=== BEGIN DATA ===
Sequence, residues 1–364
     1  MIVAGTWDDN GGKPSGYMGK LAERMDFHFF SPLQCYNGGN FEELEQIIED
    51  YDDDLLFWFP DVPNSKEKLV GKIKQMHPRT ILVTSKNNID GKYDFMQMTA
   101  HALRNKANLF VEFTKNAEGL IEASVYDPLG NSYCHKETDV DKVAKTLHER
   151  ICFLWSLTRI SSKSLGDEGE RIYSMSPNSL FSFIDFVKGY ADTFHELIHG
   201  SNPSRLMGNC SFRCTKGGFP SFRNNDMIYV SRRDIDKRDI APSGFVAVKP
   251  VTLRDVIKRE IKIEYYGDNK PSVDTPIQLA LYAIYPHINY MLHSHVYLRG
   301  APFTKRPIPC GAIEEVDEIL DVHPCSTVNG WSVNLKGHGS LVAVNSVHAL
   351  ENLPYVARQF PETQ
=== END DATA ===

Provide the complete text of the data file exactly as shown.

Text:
Sequence, residues 1–364
     1  MIVAGTWDDN GGKPSGYMGK LAERMDFHFF SPLQCYNGGN FEELEQIIED
    51  YDDDLLFWFP DVPNSKEKLV GKIKQMHPRT ILVTSKNNID GKYDFMQMTA
   101  HALRNKANLF VEFTKNAEGL IEASVYDPLG NSYCHKETDV DKVAKTLHER
   151  ICFLWSLTRI SSKSLGDEGE RIYSMSPNSL FSFIDFVKGY ADTFHELIHG
   201  SNPSRLMGNC SFRCTKGGFP SFRNNDMIYV SRRDIDKRDI APSGFVAVKP
   251  VTLRDVIKRE IKIEYYGDNK PSVDTPIQLA LYAIYPHINY MLHSHVYLRG
   301  APFTKRPIPC GAIEEVDEIL DVHPCSTVNG WSVNLKGHGS LVAVNSVHAL
   351  ENLPYVARQF PETQ